Do you brag about being a perfectionist or aspire to perfectionism?

Many of us do. Usually, when people refer to themselves as being a perfectionist, the label is worn as a badge of honor. It is something I aspired to be, feeling like the habit of perfectionism was important to getting my work done well. I had never heard anyone say, “I can’t get my work done because I am a perfectionist.” Instead they would suggest that, while their work product might be delayed, it was just because they were reviewing their already great work to make sure it was perfect. Here is the reality.

There is no such thing as perfect. And even though projects are delayed with the implication that the extra time makes them perfect, they aren’t.  Perfection doesn’t exist. And that’s okay!

Identifying Perfectionism

According to Merriam-Webster, medically speaking, perfectionism is “A disposition to regard anything short of perfection as unacceptable; especially : the setting of unrealistically demanding goals accompanied by a disposition to regard failure to achieve them as unacceptable and a sign of personal worthlessness.”

Aspiring to work with a perfectionist attitude, then, puts us in a position to feel like failures because we weren’t able to achieve the impossible. Not a great way to get things done, or feel good about the work you produce, is it? 

I usually make a typo in every email or text. Auto-correct doesn’t help. Neither does a failure to proofread. But at least I get the email or memo or text out there! It would be easy to spend time and energy worrying about these errors, but instead I remember that I’m not an editor, hope I’m forgiven for my mistakes, and move forward knowing that I can excel at building the relationships and accomplishing the tasks I was sending the text for in the first place. 

Where do you see yourself on this spectrum? Are you setting impossible demands on yourself, and starting to see your overall happiness or your role at work change because of them? 

According to Psychology Today, there are some identifiable signs that someone might be a perfectionist: “Perfectionists set unrealistically high expectations for themselves and others. They are quick to find fault and overly critical of mistakes. They tend to procrastinate a project out of their fear of failure. They shrug off compliments and forget to celebrate their success. Instead, they look to specific people in their life for approval and validation.”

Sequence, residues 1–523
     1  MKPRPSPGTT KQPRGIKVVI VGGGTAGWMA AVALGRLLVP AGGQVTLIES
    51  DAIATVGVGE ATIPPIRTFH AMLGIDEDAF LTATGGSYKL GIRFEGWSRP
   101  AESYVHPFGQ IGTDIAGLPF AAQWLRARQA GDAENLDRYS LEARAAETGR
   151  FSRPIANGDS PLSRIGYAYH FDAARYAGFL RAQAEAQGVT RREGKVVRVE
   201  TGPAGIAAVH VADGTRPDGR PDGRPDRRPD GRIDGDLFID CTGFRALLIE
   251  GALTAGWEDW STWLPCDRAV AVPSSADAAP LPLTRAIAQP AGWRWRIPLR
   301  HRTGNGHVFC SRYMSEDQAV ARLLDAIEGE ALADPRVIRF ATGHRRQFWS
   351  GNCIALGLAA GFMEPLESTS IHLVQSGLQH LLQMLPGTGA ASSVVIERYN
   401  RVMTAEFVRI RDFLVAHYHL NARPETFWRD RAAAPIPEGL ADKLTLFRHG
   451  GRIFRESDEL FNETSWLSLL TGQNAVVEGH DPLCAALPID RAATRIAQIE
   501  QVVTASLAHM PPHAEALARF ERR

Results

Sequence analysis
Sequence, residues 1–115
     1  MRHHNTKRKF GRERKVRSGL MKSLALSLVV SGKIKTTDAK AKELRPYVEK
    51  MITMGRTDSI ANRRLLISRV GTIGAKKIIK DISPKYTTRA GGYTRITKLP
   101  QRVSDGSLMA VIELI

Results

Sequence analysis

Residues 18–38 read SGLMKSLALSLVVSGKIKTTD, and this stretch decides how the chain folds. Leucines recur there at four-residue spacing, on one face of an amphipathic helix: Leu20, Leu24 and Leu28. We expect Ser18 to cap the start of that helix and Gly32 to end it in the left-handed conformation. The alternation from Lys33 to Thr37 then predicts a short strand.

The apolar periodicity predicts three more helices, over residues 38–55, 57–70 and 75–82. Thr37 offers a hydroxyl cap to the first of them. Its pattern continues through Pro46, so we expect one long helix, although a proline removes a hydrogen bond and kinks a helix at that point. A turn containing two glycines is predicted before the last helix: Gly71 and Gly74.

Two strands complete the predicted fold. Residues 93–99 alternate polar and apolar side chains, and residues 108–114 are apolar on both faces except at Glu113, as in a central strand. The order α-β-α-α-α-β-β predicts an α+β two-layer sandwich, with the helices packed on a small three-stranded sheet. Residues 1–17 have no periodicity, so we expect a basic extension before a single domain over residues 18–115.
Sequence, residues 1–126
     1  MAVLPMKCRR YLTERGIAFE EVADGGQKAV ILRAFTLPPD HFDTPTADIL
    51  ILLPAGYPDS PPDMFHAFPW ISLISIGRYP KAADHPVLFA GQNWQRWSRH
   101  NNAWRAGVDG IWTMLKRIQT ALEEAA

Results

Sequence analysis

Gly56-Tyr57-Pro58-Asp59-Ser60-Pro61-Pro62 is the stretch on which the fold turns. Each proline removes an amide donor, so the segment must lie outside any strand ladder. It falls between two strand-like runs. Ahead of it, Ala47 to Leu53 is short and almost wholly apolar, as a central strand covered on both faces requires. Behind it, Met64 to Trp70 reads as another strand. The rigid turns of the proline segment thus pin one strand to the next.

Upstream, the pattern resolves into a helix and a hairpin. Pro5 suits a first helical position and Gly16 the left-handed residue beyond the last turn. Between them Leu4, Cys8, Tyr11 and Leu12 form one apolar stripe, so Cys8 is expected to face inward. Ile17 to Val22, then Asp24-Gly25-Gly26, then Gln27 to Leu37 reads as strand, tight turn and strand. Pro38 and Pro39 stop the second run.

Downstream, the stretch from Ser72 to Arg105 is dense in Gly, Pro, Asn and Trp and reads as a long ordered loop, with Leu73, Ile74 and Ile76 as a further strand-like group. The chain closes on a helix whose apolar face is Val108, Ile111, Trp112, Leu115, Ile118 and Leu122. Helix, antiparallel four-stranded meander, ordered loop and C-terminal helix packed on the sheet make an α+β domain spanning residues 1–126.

Whether this feels familiar to you right now, or you have noticed yourself aspiring to habits that will eventually lead to you feeling like this, take a moment to be softer on yourself. Excelling at what you do means your time is best spent developing new skills, practicing the skills you already have, and enjoying the way you do what you do. Trying to achieve a mythical perfection is just not with it. 

What to Do Now

For us to feel our most fulfilled in our careers and in our lives, it’s important that we do celebrate successes. That we do know when to submit our projects, to turn work “off.” That we don’t feel overwhelmed, or like something is wrong with us, when we make small mistakes. To get started as you move beyond perfectionism, consider these techniques:

  • Write a list of your recent accomplishments and allow yourself a few minutes to feel deeply happy about what you have done. If this feels awkward at first, consider starting with a gratitude list, with a focus on opportunities and things you have worked hard for.
  • Begin to reframe your internal narrative of failure. The next time you feel like you did something “imperfect,” take ten minutes to think about what went well. Or, re-focus your “failure” as a natural part of the process, an opportunity to learn rather than something that causes you pain. 
  • Give yourself early deadlines and stick to them. Don’t overwhelm yourself with pressure, but do give yourself the opportunity to prove your fear of failure wrong: You have it in you to accomplish your tasks both well and on time.
  • Try delegating tasks and projects, beginning with simple ones as you get used to it, and moving on to those projects you’ve always felt only you can do. Feel the relief of letting go!
  • Schedule a call with me! With a free 30-minute sample coaching session, we can chat about the patterns that are making you feel stuck. Together, we can help you begin to feel UNSTUCK from the expectations of perfectionism, and transition to satisfaction with a job well done.

Barb Mason, Coach

I am a coach and jewelry designer. At UNSTUCK Coaching, I help middle-agers make changes toward the most fulfilling employment experience. As my own first coaching client, I know what it takes to get UNSTUCK.

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